Successful development depends on the precise tissue-specific regulation of genes by enhancers, genetic elements that act as switches to control when and where genes are expressed. Because enhancers are critical for development, and the majority of disease-associated mutations reside within enhancers, it is essential to understand which sequences within enhancers are important for function. Advances in sequencing technology have enabled the rapid generation of genomic data that predict putative active enhancers, but functionally validating these sequences at scale remains a fundamental challenge. Herein, we discuss the power of genome-wide strategies used to identify candidate enhancers, and also highlight limitations and misconceptions that have arisen from these data. We discuss the use of massively parallel reporter assays to test enhancers for function at scale. We also review recent advances in our ability to study gene regulation during development, including CRISPR-based tools to manipulate genomes and single-cell transcriptomics to finely map gene expression. Finally, we look ahead to a synthesis of complementary genomic approaches that will advance our understanding of enhancer function during development. This article is categorized under: Physiology > Mammalian Physiology in Health and Disease Developmental Biology > Developmental Processes in Health and Disease Laboratory Methods and Technologies > Genetic/Genomic Methods.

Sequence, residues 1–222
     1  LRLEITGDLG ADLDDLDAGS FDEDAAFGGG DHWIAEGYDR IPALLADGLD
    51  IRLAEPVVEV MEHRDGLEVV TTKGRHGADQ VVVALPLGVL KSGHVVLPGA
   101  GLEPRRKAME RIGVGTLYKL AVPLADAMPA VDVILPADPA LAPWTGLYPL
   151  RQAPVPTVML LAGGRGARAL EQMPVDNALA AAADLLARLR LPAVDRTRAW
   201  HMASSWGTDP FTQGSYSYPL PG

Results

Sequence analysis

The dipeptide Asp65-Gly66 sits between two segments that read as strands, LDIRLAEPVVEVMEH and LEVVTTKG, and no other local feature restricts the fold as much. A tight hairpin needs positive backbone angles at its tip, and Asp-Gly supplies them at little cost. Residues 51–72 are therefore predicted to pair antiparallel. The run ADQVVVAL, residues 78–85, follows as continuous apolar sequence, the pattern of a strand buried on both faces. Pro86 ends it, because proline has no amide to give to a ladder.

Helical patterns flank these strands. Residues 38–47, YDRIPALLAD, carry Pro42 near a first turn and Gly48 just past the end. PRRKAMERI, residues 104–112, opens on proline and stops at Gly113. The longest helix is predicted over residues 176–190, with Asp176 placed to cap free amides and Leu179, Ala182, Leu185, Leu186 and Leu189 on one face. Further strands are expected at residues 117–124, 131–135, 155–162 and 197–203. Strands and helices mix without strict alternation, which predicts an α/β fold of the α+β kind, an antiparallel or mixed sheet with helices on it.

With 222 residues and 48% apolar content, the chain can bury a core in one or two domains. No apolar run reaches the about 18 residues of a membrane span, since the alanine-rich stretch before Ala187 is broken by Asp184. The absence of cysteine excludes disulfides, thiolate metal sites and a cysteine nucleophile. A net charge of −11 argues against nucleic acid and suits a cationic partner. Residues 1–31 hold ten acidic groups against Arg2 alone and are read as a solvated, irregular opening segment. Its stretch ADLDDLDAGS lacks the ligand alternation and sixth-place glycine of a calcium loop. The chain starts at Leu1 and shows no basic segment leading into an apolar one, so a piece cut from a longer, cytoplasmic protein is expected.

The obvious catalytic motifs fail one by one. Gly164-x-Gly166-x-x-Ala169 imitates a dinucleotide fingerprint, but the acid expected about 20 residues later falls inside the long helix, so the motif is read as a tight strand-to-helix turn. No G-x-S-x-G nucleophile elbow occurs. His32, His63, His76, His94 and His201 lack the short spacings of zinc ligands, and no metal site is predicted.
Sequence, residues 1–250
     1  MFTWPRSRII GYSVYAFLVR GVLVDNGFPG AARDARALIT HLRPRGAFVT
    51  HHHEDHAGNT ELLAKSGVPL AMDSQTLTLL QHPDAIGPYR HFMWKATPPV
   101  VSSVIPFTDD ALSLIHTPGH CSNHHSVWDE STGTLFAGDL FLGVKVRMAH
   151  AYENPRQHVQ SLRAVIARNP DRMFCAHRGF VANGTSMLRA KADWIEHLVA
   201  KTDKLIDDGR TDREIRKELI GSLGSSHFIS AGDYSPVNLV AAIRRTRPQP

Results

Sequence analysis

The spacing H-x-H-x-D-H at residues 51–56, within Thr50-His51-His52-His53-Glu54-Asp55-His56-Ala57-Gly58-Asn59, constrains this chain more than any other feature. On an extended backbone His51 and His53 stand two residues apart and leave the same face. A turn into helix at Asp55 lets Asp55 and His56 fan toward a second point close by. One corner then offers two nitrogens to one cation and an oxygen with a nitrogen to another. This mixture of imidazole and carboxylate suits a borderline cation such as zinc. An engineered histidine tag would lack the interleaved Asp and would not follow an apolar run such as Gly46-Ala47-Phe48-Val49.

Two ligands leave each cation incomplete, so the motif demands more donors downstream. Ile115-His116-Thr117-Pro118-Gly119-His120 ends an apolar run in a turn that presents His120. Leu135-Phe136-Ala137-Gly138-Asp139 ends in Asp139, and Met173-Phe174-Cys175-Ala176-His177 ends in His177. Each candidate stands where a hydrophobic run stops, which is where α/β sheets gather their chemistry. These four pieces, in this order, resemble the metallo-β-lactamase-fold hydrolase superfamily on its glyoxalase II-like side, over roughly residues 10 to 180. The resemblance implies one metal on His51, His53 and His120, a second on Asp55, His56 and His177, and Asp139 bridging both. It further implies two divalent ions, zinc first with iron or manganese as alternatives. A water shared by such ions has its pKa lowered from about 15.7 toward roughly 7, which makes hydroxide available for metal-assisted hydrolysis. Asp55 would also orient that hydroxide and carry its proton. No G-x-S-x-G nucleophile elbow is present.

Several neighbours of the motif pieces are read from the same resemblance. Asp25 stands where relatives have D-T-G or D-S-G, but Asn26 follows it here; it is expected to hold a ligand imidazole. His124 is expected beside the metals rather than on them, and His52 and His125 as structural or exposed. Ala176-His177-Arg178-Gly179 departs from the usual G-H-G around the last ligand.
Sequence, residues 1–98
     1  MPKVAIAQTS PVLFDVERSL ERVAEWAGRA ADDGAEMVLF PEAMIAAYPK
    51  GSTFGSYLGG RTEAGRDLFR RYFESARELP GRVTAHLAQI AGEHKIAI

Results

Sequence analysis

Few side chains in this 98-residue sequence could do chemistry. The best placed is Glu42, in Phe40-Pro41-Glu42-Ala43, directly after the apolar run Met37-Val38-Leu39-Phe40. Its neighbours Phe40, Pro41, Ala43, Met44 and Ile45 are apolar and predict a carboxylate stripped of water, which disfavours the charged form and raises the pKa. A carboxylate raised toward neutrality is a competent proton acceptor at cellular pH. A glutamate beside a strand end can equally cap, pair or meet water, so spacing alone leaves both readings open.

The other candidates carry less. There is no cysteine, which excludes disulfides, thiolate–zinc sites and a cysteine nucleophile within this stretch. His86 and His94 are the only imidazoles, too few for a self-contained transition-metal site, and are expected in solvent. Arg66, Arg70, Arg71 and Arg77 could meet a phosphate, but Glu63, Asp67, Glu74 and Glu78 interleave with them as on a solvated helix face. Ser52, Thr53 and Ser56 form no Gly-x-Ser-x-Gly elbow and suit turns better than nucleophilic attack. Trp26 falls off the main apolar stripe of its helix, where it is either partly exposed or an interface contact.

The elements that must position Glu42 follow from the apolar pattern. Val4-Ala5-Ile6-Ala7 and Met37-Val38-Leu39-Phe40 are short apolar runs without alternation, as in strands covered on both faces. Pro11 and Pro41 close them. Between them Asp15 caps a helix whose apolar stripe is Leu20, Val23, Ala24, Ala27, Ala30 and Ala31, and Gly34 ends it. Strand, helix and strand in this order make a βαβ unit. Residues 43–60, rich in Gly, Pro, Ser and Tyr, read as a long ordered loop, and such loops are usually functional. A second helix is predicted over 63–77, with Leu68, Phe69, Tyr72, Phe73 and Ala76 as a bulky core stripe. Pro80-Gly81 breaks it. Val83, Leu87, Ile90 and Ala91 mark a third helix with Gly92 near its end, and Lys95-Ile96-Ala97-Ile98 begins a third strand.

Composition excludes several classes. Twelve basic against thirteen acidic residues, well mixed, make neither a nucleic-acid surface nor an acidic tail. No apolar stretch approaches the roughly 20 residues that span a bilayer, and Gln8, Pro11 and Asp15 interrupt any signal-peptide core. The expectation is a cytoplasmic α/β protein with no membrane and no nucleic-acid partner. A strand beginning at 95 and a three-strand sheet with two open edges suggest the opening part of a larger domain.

Keywords: development; enhancers; genomics.
© 2019 The Authors. WIREs Systems Biology and Medicine published by Wiley Periodicals, Inc.